|A storage of oddities|
The soul was rotting, facing a fiery eternity in the bottom of a three door file cabinet, drowning in the sin of bad grammar and poor plot points. It needed to be reborn, given new life so that it might not suffer the fatal eternity that was awaiting it. It desperately needed the gospel of revision to save its poor, pathetic soul.
A few weeks back, I rediscovered a stack of old stories and articles. They were in sad shape. Suffice it to say, my writing has improved in the thirty years since I first picked up a pen. Some of the stories weren’t even finished, dropped after a few chapters because I either gave up or became distracted by another storyline that had gripped my attention. They were abandoned to manila folders that faded over time on paper that turned yellow with the years hidden in my desk drawer. The ideas were not fleshed out; they weren’t even thought completely out. Back then I grew excited about an idea and started writing. No background. No idea where I was going. Just a thought, a glimpse of an idea, and I was absorbed in a story that sometimes had no ending.
I pulled these manuscripts out, a few typed with dozens of mistakes, others hand written and began to type them into Word files for posterity. As I did, the stirrings of the ideas that had started me working on them refreshed themselves into my imagination and they weren’t that bad. I’ve actually been reworking some of the stories, doing those things that I should have done way back when that I didn’t know to do. I started exploring my characters, getting to know them; researching the cities or fantasy worlds I had started to create, giving them more and more definition and truth. These stories could still work. They could be born again.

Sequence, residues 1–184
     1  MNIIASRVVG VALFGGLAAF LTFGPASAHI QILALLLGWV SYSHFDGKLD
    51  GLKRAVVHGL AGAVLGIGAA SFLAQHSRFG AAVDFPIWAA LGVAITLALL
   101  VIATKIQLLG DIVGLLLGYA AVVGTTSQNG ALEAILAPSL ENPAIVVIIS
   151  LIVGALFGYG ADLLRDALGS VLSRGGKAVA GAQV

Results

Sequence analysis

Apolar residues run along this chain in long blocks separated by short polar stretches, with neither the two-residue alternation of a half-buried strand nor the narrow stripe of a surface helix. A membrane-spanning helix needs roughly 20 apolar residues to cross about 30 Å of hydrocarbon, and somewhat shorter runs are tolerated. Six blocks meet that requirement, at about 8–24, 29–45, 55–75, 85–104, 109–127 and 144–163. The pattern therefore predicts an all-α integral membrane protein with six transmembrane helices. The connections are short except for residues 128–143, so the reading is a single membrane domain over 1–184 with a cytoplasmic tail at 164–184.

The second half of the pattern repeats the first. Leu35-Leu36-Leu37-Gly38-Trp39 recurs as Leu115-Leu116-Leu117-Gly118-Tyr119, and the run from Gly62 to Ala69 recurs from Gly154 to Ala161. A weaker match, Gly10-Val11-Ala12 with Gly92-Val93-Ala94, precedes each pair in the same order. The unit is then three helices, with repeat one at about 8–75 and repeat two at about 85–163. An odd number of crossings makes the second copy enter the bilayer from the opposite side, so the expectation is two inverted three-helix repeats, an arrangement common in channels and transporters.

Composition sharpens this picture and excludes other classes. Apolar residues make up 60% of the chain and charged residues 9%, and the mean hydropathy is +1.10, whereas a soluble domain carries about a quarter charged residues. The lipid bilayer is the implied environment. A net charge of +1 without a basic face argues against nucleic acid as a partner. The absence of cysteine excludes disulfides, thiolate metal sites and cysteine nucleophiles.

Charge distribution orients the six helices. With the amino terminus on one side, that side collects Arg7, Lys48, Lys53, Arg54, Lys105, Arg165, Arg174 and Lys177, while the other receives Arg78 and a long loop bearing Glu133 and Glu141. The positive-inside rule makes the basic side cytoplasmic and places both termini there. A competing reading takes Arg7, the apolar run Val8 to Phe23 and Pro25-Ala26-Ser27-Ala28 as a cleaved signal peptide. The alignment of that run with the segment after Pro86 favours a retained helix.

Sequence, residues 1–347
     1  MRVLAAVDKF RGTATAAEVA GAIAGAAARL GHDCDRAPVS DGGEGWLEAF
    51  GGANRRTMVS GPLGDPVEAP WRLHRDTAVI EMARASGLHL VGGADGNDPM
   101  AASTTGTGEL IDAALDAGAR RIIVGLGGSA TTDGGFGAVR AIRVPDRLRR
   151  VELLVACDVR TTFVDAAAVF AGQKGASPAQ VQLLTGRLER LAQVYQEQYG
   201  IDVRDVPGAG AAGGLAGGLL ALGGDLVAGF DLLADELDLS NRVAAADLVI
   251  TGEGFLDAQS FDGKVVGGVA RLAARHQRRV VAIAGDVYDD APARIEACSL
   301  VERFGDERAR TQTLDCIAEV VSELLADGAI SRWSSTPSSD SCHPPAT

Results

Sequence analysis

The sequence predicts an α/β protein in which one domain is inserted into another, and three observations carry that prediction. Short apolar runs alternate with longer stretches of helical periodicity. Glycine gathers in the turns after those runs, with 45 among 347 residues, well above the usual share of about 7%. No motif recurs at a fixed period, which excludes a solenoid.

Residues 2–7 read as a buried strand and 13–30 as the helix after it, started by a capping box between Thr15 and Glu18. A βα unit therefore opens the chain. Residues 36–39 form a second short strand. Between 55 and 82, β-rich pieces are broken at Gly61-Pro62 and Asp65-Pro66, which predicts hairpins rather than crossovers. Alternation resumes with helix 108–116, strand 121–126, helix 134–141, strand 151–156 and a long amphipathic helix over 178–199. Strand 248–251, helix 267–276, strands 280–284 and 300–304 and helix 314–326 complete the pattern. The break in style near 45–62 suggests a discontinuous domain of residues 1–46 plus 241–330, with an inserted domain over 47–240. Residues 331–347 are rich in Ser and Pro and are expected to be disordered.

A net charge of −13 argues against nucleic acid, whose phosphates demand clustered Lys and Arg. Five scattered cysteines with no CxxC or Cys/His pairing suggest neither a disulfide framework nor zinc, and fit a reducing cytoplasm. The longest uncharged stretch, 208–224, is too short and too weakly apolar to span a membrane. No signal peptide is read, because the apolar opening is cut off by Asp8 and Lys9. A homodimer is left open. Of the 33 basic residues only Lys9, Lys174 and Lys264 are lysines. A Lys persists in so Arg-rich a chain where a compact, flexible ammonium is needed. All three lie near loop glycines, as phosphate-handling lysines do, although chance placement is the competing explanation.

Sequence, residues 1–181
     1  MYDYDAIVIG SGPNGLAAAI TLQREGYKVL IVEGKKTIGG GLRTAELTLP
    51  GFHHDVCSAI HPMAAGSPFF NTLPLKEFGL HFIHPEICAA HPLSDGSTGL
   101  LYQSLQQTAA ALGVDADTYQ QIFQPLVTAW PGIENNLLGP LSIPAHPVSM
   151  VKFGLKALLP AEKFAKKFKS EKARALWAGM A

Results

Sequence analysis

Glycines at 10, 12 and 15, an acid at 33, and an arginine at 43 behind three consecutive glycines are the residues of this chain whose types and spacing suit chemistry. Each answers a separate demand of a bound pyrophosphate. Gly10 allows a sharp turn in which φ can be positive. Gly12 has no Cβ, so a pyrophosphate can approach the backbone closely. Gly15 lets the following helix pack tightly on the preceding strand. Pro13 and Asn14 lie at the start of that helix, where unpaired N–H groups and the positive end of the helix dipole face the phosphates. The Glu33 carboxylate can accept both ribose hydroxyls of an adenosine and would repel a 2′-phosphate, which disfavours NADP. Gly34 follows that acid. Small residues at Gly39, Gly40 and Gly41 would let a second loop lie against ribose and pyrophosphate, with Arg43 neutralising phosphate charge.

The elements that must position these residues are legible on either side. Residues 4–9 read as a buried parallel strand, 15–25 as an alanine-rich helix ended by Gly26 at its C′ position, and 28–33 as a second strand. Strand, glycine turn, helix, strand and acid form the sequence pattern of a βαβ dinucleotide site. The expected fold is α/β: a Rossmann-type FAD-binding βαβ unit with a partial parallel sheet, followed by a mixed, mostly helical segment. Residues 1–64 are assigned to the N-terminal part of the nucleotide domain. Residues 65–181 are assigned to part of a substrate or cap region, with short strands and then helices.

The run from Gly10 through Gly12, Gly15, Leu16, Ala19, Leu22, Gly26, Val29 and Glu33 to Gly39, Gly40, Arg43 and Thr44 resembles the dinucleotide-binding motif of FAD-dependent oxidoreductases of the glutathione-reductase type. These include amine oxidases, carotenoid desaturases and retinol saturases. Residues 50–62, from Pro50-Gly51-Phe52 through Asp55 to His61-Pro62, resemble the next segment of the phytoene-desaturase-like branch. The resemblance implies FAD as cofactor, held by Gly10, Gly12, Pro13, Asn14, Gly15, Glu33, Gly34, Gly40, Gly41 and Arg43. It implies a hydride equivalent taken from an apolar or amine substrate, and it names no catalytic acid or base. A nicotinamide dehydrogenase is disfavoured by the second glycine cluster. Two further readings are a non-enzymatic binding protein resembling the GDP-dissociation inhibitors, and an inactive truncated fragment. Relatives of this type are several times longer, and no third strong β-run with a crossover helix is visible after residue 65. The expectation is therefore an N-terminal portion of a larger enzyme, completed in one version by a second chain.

|Sorting through old files|
It was the same with old articles, whether they had sold or not. It was time to rework them, updating the information, change up the anecdotes, and breathe new life into them. A new article emerged and new markets were found, which meant new money was soon coming my way.
Carpenters do it with old furniture, mechanics with old cars, and I wish someone would do it with my joints and muscles. However, it works with manuscripts and will keep me typing for years to come. Nothing is trash. Sometimes, it just needs to be aged and inspected in a new light.
I hate giving up on manuscripts. I’ve invested hours, sweat, blood, ink and frustration into them, falling in love - or hate - with some of the characters on the pages. They need to see the light of publication. They need to feel the healing power of revision, being covered in the red ink of edits that will rise them up from the ashes and set them on the righteous path of publication. Don’t give up. Every manuscript needs a chance at being born again.
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Other posts you might enjoy ~ Out of the Nest
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